CHRISTENSEN, Jeanne, Rastafari Reasoning and the RastaWoman: Gender Constructions in the Shaping of Rastafari Livity, 202 pp., bibliography, index. Lanham, MD: Lexington Books, 2014. Hardback, $80. ISBN 9780739175736.
COX, James L., The Invention of God in Indigenous Societies, 192 pp., notes, bibliography, index. Durham: Acumen, 2014. Paperback, $ 31. ISBN 9780520280472.
DAWSON, Andrew, Santo Daime: A New World Religion, 240 pp., notes, bibliography, index. New York: Bloomsbury Academic, 2013. Paperback, $40. ISBN 9781441154248.
DESCOLA, Philippe, Beyond Nature and Culture, trans. Janet Lloyd, 488 pp., notes, bibliography, index. Chicago: University of Chicago Press, 2013. Hardback, $52. ISBN 9780226144450.
FLORES, Edward Orozco, God’s Gangs: Barrio Ministry, Masculinity, and Gang Recovery, 243 pp., notes, references, index. New York: New York University Press, 2013. Paperback, $22. ISBN 9781479878123.
GESCHIERE, Peter, God’s Witchcraft, Intimacy and Trust: Africa in Comparison, 243 pp., notes, references, index. 328 pp., notes, references, index. Chicago: University of Chicago Press, 2013. Hardback, $75. ISBN 9780226047584.
Johnson, Paul Christopher, ed., Spirited Things: The Work of “Possession” in Afro-Atlantic Religions, 344 pp., notes, bibliography, index. Chicago: University of Chicago Press, 2014. Hardback, $97.50. ISBN 9780226122625.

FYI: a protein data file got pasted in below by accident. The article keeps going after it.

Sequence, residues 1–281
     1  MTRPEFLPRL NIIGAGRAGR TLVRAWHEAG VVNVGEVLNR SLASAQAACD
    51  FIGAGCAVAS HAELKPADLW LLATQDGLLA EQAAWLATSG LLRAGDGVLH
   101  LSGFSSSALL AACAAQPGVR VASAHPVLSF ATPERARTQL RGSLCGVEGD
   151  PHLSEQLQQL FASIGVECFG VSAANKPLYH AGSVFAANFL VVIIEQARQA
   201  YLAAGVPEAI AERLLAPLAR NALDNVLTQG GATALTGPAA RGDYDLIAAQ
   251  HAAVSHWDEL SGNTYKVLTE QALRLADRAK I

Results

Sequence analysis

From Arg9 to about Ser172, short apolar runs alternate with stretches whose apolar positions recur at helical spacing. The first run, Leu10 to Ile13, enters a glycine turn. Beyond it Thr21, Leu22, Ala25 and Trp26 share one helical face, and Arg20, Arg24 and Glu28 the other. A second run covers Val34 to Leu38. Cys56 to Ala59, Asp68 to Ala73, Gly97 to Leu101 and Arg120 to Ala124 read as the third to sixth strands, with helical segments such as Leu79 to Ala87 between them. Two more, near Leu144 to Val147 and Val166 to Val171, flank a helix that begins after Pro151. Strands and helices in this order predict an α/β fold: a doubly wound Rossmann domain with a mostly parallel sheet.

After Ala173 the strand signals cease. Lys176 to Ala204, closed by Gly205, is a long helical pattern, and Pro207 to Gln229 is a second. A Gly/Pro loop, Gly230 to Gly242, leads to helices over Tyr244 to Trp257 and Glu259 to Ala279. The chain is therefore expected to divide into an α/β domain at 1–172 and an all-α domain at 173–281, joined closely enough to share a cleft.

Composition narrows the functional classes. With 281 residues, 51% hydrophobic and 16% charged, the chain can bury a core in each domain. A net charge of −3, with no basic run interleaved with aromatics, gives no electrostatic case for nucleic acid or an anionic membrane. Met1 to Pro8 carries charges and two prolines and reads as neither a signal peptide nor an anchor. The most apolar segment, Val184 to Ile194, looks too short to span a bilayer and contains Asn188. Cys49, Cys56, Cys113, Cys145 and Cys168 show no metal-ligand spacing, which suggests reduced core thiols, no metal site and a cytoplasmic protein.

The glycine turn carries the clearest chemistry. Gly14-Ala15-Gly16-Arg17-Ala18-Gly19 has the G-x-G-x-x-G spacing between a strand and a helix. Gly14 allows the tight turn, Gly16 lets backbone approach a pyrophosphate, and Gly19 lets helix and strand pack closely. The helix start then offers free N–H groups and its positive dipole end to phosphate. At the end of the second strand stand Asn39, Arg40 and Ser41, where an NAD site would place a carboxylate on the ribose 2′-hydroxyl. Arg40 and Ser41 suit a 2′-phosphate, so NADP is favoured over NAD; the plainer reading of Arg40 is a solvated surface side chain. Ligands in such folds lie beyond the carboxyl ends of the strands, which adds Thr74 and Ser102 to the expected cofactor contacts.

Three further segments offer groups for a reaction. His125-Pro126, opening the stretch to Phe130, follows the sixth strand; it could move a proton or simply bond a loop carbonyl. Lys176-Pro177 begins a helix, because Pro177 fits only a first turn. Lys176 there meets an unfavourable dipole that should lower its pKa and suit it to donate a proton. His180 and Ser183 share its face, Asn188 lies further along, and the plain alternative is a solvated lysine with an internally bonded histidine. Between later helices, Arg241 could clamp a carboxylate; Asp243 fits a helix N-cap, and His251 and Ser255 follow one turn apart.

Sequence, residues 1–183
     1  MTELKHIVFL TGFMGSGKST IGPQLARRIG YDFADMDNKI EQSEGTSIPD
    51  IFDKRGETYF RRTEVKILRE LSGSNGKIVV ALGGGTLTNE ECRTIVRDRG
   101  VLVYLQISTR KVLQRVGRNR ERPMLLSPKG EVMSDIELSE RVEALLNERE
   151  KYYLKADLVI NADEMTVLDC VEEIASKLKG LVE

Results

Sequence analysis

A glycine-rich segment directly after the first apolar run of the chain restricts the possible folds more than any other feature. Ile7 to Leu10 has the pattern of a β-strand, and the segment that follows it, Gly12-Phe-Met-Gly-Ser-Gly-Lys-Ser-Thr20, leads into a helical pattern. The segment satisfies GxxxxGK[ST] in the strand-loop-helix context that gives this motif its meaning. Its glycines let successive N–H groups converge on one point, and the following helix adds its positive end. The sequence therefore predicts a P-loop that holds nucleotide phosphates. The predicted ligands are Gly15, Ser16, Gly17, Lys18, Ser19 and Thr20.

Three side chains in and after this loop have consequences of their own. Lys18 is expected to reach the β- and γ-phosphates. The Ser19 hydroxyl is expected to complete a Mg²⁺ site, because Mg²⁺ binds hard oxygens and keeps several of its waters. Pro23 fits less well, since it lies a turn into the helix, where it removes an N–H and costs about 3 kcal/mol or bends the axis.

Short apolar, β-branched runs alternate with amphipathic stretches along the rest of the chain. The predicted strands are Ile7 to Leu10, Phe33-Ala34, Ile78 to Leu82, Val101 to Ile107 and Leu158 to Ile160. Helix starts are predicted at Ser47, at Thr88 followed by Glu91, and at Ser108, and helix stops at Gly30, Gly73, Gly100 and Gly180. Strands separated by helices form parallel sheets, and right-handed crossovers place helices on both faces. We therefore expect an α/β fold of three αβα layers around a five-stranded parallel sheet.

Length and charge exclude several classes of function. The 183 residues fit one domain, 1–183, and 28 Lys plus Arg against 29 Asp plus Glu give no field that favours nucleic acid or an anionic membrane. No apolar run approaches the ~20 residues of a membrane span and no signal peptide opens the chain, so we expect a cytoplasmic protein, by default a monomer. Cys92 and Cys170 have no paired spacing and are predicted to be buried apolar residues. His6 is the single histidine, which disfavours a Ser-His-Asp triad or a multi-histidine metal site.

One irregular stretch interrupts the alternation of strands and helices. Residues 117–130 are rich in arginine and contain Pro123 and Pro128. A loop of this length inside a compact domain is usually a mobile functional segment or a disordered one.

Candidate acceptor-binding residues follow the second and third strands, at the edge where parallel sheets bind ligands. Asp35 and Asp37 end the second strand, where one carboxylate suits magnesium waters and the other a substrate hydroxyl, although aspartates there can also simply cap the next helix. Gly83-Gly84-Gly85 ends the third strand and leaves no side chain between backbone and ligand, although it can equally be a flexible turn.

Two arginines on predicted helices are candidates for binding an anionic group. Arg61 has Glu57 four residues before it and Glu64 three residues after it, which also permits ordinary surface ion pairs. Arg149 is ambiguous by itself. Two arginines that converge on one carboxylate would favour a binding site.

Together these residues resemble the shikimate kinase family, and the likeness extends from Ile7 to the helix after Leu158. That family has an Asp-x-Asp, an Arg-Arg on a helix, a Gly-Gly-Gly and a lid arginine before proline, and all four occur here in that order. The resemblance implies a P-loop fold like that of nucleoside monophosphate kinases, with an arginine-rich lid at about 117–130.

KLASSEN, Pamela E., Spirits of Protestantism: Medicine, Healing, and Liberal Christianity, 348 pp., notes, bibliography, index. Berkeley: University of California Press, 2011. Paperback, $29.95. ISBN 9780520270992.
KOHN, Eduardo, How Forests Think: Toward an Anthropology Beyond the Human, 288 pp., notes, bibliography, index. Berkeley: University of California Press, 2013. Paperback, $29.95. ISBN 9780520276116.
LUHRMANN, T. M., When God Talks Back: Understanding the American Evangelical Relationship with God, 464 pp., notes, bibliographic notes, bibliography, index. New York: Vintage Books, 2012. Paperback, $20. ISBN 9780307277275.
RAMSEY, Kate, The Spirits and the Law: Vodou and Power in Haiti, 448 pp., illustrations, maps, notes, bibliography, index. Chicago: University of Chicago Press, 2011. Hardback, $50. ISBN 9780226703794.
The Catholic Church, Adat, and ‘Inculturation’ among Northern Lio, Indonesia
’ dogma in Indonesia. Notwithstanding avowals to the contrary, inculturation as practiced by Catholic priests on Flores seeks to replace the hierarchically organized cosmology ( adat ) that constitutes Lio hierarchical and holistic symbolic order and